Corporate entrepreneurship on the other hand sets the context for Innovation.  It encompasses the innovation process.  Corporate entrepreneurship requires a more holistic, systems approach to innovation.  It provides the framework.  It is a complex process that touches all aspects of the organization including strategy, structure, policies and procedures, systems, culture, people and customers. Unlike other business processes that might follow a standard work process, corporate entrepreneurship is less structured, it’s more organic.  It’s an attitude, a competence, a way of thinking and acting.  You are asking individuals to shift their attitudes, change their beliefs, and learn new skills.  It requires managing the inherent tension between maximizing economic value and developing human capital. The focus is on outcomes, the business value you want to deliver to customers and the organization.

In reality, corporate entrepreneurship is a change process or transformation that pushes the existing boundaries and tests the limits of organizational systems and processes.

This is just one way to think of the differences.  You need to define what these concepts mean for your organization.

Corporate entrepreneurship challenges traditional organizational practices.  There is no right way or perfect way to implement corporate entrepreneurship. There are, however, three components that enable corporate entrepreneurship:  1) entrepreneurs and leaders that possess a core set of action oriented competencies, 2) systems and processes that support entrepreneurial thinking and action, and 3) an environment conducive to entrepreneurship, learning and growth.  These three components provide insight into how innovative and entrepreneurial an organization is.  Many organizations only implement one or two of these components.  You will need all three to be successful.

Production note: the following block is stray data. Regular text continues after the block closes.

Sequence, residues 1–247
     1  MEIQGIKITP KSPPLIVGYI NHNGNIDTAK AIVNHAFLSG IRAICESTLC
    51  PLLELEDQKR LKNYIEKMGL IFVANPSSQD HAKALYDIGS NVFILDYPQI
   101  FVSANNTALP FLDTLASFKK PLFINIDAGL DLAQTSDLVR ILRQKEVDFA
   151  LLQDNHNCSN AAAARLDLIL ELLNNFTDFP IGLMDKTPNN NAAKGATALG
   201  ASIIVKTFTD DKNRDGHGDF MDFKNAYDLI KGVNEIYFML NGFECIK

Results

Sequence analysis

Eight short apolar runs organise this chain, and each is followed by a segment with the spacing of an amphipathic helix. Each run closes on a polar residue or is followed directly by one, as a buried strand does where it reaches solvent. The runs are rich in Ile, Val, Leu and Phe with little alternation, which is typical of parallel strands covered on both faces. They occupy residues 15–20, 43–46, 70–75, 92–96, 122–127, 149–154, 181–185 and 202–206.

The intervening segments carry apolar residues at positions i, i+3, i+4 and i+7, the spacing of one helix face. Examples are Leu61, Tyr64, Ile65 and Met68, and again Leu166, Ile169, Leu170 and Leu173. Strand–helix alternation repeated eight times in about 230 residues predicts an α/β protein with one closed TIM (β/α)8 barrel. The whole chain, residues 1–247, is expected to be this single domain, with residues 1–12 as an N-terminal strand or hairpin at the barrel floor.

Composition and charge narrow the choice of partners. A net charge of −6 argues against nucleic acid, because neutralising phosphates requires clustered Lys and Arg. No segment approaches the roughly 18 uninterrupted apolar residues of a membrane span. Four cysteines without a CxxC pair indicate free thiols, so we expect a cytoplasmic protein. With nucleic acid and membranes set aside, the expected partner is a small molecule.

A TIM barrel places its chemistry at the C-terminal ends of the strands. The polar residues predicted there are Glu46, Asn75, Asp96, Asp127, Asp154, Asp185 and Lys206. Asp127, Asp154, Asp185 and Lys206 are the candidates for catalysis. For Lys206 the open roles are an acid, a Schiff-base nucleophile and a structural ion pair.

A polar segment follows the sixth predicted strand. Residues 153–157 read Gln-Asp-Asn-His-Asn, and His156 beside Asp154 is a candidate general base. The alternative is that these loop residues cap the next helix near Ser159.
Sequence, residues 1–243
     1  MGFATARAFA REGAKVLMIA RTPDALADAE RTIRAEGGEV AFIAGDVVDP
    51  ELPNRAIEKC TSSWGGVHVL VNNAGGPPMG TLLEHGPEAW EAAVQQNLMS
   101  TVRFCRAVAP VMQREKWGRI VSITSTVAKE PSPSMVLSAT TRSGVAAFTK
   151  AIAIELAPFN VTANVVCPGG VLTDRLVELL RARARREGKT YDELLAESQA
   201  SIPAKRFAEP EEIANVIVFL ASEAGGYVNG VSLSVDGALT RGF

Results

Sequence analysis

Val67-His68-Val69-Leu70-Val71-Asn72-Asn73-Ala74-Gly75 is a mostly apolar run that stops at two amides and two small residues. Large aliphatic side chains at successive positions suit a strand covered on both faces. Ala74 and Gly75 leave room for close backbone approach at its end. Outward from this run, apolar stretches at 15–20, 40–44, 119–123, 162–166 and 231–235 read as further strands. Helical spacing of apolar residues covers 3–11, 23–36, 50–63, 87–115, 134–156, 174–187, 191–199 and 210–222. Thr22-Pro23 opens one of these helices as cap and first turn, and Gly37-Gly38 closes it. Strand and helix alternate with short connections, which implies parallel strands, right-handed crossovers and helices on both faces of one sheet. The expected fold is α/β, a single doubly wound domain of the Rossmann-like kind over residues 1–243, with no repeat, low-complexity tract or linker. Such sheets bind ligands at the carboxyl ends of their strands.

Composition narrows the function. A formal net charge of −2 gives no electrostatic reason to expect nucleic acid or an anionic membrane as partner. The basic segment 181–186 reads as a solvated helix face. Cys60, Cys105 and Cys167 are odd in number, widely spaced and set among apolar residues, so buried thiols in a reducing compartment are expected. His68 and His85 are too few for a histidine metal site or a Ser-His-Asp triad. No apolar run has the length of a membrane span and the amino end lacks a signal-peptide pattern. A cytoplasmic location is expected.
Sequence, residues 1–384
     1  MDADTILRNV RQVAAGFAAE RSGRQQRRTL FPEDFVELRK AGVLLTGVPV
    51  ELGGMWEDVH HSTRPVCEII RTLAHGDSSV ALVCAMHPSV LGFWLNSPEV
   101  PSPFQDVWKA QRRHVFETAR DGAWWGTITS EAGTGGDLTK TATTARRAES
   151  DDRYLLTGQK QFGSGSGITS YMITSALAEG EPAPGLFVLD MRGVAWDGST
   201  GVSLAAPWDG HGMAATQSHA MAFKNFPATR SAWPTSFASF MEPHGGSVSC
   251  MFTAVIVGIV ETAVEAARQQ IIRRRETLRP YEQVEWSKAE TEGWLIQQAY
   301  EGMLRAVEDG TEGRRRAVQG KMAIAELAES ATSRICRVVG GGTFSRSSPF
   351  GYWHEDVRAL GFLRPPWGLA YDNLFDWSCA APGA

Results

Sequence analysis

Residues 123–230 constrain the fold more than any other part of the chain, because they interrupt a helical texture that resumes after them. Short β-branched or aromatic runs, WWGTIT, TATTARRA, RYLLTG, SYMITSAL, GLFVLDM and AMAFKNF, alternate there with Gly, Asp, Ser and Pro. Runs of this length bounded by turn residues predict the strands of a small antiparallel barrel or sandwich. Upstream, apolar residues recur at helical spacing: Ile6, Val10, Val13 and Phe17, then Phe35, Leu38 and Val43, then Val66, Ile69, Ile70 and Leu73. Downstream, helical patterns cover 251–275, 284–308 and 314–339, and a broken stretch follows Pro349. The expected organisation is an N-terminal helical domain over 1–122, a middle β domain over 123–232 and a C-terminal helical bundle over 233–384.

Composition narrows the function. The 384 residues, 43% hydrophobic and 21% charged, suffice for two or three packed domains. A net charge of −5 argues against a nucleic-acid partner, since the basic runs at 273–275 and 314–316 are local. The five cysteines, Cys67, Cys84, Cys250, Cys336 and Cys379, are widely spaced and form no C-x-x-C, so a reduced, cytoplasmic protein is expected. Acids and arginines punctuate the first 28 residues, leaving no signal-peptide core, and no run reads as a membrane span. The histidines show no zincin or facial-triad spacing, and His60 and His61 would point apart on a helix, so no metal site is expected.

Innovation and corporate entrepreneurship are inexplicably tied together.  They need to co-exist and work together to accelerate new business growth.  A structured innovation process may work well for incremental and adjacent innovations but be less effective in transformational or blue sky innovations. An innovation process might work best for new products but less so for business model innovation.  An innovation process might work better in one industry than a totally different one.  But setting the context for innovation establishes a foundation for continuous innovation – no matter what type of innovation you are developing.

Corporate entrepreneurship is designed to enable your organization to become more entrepreneurial.  There is no silver bullet for becoming more entrepreneurial; it takes practice and having the right people, processes and environment to support and sustain it over time.  Those organizations that have been successful in building entrepreneurial capabilities statistically perform better.

The interesting thing is that corporate entrepreneurship touches every aspect of the Conference Board’s CEO Challenge Study – innovation, human capital, operational excellence and customer relationships.

If you want to harness the full potential of your organization and accelerate business growth through innovation, corporate entrepreneurship is one way to accomplish that.

Let us know how you differentiate between innovation and corporate entrepreneurship!

 


[i] Bhattacharyya, 2006